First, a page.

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Chronic alcohol intake can damage white matter pathways across entire brain

November 18, 2014
Alcoholism: Clinical & Experimental Research
Chronic misuse of alcohol results in measurable damage to the brain. A new study uses high-resolution structural magnetic resonance scans to compare the brains of individuals with a history of alcoholism versus those of healthy light drinkers. The abstinent alcoholics showed pronounced reductions in frontal and superior white matter tracts.

Chronic misuse of alcohol results in measurable damage to the brain. Chronic drinking may be particularly damaging to the integrity of frontal white matter tracts, which can interfere with cognitive and inhibitory control that, in turn, is important to achieve and maintain abstinence. A new study has used high-resolution structural magnetic resonance (MR) scans to determine the brain's regional vulnerability to chronic alcohol abuse, finding that abstinent alcoholics have reductions in white matter pathways across the entire brain.

Results will be published in the December 2014 online-only issue of Alcoholism: Clinical & Experimental Research and are currently available at Early View.

"The idea that alcohol affects the brain has been established for decades," said Catherine Brawn Fortier, a neuropsychologist and researcher at the VA Boston Healthcare System, assistant professor at Harvard Medical School, as well as corresponding author for the study. "Before advances in neuroimaging technology, the degree to which alcohol affects the brain across different levels of alcohol use, and how it may interact with other health factors, could only be inferred from behavior and through post-mortem studies. We now can use neuroimaging techniques to see, in vivo, that alcohol has wide ranging effects across the entire brain that contribute to a wide range of changes in psychological abilities and intellectual functions."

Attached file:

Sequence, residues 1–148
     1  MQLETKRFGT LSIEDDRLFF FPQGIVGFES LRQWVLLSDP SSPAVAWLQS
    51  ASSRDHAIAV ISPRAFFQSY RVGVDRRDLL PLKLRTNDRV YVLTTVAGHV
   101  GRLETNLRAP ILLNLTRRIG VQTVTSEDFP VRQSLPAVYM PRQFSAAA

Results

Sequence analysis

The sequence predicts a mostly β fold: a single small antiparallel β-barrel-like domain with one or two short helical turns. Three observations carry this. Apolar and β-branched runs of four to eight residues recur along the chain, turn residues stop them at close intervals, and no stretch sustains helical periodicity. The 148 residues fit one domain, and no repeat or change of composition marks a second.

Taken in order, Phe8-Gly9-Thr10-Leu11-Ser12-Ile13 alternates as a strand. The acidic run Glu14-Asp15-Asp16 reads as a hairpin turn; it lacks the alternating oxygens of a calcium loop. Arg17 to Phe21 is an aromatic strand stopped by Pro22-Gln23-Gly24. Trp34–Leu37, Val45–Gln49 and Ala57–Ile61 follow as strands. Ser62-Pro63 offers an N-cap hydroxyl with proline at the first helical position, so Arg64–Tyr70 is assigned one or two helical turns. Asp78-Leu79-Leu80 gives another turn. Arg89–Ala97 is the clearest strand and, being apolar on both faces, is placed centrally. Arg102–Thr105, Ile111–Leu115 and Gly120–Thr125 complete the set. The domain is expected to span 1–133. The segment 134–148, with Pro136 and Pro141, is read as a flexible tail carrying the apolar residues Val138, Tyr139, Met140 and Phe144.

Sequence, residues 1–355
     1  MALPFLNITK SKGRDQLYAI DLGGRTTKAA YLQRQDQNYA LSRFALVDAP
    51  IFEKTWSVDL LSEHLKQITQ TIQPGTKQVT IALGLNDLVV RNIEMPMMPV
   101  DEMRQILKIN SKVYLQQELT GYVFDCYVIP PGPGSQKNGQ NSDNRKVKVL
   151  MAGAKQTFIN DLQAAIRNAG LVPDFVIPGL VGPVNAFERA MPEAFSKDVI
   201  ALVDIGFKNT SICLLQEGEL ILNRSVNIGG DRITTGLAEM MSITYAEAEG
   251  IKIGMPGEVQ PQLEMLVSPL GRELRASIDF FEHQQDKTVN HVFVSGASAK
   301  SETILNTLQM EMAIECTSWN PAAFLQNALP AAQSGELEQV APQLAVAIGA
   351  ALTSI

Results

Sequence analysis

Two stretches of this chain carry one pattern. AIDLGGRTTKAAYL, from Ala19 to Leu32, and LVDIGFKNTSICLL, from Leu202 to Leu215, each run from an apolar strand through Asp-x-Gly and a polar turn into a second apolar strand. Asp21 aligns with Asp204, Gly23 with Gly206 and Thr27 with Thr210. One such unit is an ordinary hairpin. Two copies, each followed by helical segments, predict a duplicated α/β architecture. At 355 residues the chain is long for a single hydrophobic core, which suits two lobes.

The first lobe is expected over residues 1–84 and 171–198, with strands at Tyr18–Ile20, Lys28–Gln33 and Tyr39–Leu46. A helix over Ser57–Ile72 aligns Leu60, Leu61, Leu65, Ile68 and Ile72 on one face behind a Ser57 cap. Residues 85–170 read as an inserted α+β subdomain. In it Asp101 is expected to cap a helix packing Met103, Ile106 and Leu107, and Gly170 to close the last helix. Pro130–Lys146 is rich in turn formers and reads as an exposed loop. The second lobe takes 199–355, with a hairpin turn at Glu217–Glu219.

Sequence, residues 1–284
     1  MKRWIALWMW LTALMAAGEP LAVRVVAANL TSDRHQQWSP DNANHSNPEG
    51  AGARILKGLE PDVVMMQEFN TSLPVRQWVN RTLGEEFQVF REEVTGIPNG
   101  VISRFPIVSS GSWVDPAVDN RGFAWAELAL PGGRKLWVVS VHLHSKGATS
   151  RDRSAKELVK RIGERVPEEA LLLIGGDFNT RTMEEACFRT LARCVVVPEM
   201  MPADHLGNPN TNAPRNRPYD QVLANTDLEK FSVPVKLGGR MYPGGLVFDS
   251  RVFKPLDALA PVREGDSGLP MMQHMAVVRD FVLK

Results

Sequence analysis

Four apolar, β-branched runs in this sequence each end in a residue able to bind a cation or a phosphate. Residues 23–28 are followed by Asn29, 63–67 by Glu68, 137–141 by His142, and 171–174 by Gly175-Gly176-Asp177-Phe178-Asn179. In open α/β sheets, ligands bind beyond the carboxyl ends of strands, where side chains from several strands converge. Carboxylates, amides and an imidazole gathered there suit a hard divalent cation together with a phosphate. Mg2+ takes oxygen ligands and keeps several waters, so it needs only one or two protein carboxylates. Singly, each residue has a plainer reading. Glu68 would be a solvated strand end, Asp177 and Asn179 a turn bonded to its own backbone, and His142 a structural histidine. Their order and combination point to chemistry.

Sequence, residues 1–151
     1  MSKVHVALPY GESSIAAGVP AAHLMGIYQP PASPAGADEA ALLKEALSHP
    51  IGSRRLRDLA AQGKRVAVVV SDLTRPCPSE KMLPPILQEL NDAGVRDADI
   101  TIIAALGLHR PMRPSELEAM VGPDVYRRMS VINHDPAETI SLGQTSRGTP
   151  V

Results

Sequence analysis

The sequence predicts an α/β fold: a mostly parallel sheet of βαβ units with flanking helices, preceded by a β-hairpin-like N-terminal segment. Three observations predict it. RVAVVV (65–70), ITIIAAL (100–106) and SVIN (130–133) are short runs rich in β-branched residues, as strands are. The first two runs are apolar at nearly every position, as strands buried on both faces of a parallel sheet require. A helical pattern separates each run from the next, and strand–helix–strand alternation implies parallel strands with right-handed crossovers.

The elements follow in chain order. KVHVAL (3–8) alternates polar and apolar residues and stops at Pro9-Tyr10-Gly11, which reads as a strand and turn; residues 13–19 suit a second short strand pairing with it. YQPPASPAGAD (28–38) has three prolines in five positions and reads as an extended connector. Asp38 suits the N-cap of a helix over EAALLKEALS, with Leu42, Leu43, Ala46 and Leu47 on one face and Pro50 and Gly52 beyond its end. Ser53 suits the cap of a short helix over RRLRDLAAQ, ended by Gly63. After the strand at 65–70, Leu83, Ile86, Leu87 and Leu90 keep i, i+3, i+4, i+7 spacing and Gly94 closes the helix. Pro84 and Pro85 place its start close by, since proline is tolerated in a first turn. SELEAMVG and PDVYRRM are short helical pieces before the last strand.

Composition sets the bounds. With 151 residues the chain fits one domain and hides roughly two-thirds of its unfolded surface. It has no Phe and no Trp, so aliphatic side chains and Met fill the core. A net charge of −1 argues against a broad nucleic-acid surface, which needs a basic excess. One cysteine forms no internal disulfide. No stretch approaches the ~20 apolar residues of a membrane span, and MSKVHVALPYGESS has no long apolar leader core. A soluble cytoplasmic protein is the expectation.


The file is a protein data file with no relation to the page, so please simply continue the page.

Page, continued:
"Alcohol use among active military and veterans is a major issue in our care for them at VA Boston Healthcare System and nationwide," said Terence M. Keane, a professor of psychiatry and psychology, as well as assistant dean for research at Boston University School of Medicine. "Many returning veterans use alcohol to cope with PTSD and other wounds of war. Dr. Fortier's study helps us understand how chronic, heavy alcohol misuse affects brain function, which informs our treatment of this group."

"The brain is usually divided into two broad kinds of tissues: gray matter or cortex consisting of neurons, the critical cells that support brain function; and white matter, the connections among large groups of those cells," explained Fortier. "We now know that alcohol impacts both gray and white matter, with the greatest impact affecting parts of the brain called the frontal lobes. These brain areas are critical to learning new information and, even more importantly, in self-regulation, impulse control, and the modification of all complicated human behaviors. In other words, the very parts of the brain that may be most important for controlling problem drinking are damaged by alcohol, and the more alcohol consumed, the greater the damage."

Frontal white matter tracts are the pathways that connect the frontal lobes to the rest of the brain, added Fortier. "The frontal cortex is the integration center for all other parts of the brain that are important to behavior and cognitive function," she said. "These pathways support self-monitoring, planning, judgment, and reasoning. Frontal pathways also allow flexibility in learning and memory, and allow us to change and learn new patterns of behavior. Most importantly, frontal pathways underlie impulse control, which is essential to achieve and maintain abstinence."